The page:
Efficient and effective drainage around your property’s perimeter is essential for protection against groundwater floods. Without a properly maintained perimeter drainage system, water can easily start to seep into your basement through cracks in your foundation. Water can also start leaking around the perimeter of your roof and through your ceiling if it is not also drained properly. These leaks and cracks will only get worse as time goes on, which is why it is important to upgrade and maintain your perimeter drainage as soon as you notice water getting indoors. To help you familiarize yourself with the different types of perimeter drainage systems and their importance, Cerc Drainage has prepared a brief guide with helpful information listed below.
Perimeter drainage is the system which exists on the exterior your home to bring water flow, rainwater runoff, and wastewater out and away from the foundation. Foundation drainage solutions include replacing tiles, adding newer plumbing, or sometimes elevating pipes so that there is no backflow. Something as simple as a sewer snake is sometimes all that you need. The first step when you have a situation where you need to get French drain repair or another type of work done is to do an inspection with a drain camera. This helps to identify the exact location of the problem.
Perimeter drainage repair is necessary any time that the system for draining excess water away from a house or building foundation has been damaged. Sometimes you may not realise that you need to have repairs done to your underground pipe or basement drains until some expensive signs appear. Or you may think that you need expensive perimeter drainage repair work or extensive drainpipe replacement. While this could be costly, there are many steps which can be taken before your entire perimeter drainage system needs to be replaced.
There are many styles of perimeter drainage designed to keep water from wreaking havoc on our properties. What they all have in common is that they are meant to divert water away from where it can accumulate and cause the most damage.
A properly functioning perimeter drainage system will continue working and keeping your property safe from leaks and floods without you ever having to be aware of its presence. After heavy rain and melting snow, water accumulates around the perimeter of the house, causing rising damp or even flooding basements. Insurance companies do not cover this damage, as they view it as caused by negligence and lack of upkeep. Ideally, the water should be directed away from your external walls, thus merely waterproofing the wall is not a viable option. In wet, rainy areas like Vancouver, or if you have a high water table, the most cost-effective solution is weeping tile. The water should be directed to the main sewer and not to the boundary of the property. This is illegal and could result in a really unhappy neighbour and even a lawsuit.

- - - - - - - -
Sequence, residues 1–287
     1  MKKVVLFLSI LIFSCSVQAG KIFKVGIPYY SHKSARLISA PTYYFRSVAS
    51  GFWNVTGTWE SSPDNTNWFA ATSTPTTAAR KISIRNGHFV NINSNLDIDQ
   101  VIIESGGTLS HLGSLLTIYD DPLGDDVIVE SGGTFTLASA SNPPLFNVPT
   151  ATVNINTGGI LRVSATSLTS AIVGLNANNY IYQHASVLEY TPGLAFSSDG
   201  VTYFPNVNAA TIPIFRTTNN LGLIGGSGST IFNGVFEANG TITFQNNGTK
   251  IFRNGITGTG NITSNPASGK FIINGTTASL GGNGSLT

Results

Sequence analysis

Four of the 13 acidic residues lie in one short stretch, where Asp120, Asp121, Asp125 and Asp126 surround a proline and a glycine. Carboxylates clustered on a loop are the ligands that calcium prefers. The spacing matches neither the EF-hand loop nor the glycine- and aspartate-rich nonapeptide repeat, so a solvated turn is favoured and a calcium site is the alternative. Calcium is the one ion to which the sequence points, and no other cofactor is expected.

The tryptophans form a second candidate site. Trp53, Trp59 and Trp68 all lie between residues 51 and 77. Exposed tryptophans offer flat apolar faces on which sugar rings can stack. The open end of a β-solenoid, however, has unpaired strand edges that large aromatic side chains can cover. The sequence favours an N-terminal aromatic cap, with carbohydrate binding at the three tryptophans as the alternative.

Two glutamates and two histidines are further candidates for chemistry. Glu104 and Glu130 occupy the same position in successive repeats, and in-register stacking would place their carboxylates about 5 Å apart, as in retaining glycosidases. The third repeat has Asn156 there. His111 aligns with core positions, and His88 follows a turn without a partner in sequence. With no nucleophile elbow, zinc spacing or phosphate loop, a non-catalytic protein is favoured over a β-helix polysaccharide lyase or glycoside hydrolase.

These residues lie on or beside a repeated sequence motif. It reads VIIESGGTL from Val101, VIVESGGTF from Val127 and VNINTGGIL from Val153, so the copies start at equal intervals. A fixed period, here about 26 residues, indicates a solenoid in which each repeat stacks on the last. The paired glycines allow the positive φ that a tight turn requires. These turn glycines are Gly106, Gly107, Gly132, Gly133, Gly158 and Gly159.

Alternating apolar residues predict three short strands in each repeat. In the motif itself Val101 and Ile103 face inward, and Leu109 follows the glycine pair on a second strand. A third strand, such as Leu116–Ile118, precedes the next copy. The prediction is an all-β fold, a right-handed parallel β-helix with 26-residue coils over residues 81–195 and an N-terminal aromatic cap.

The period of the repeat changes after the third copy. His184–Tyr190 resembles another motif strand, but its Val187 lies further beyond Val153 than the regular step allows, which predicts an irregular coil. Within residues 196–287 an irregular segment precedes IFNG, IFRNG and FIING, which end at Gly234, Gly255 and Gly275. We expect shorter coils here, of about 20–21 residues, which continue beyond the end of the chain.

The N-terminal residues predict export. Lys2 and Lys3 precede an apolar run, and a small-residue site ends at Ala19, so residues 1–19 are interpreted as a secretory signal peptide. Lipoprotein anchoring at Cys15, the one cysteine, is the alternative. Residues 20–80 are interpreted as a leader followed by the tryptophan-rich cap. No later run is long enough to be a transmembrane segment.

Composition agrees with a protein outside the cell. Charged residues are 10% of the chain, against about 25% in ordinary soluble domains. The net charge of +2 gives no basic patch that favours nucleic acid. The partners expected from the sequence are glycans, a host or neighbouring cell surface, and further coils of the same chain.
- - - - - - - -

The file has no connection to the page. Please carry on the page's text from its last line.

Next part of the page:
To drain water away from the foundations and basement of your house, a trench is dug around the perimeter of the building and a perforated pipe, generally made of PVC or ABS plastic, is installed. This acts as a perimeter drainage system and attracts accumulated rainwater, or rising groundwater, drawing it away from the building. In the past, clay tiles were laid as a water diversion, thus the old-fashioned name “weeping tile” is still used. These may have deteriorated with time and should be replaced with the PVC pipe version, or maybe just replace the sections that are damaged.
Perimeter drainage systems do work, as long as they’re maintained. The perforations in the PVC pipe are thousands of small slits that attract water into the pipe and thus drain the water away. Often the pipe is enclosed in a permeable mesh, then a layer of gravel or small stones covers it to prevent mud and soil entering the pipe. Finally, the trench is backfilled with soil. The pipes drain away from the house to the sewer system, which preferably would have been pre-checked using a sewer inspection camera.
Generally, the system will last for years. The old tile systems lasted FOR years too, but in time become blocked with roots and soil, causing damage and collapse. However, a new PVC weeping tile system may become blocked by soil after a while, enabling water to seep into the basement. You could dig up the whole drainage system and attempt to find the blockage, or it’s time for a perimeter drainage inspection.
Given enough time, water will find a way to get exactly where you don’t want it to be. That is why many perimeter drainage systems are meant to drain water safely away from where it causes harm. Whether that happens to be around your roof, your foundation or in your yard, there is a perimeter drainage system that can keep things dry.
This type of drainage system is one that will be familiar to most homeowners. It is highly effective when it comes to keeping foundations dry and safe from water damage and basement flooding. In the past, materials like brittle clay pipe and inadequate plastic tubing have been used for this system. These days, however, thanks to the use of superior PVC pipe, footing drainage systems last much longer and are far more effective than ever before. This type of perimeter drainage is also referred to as weeping, or drain tile system.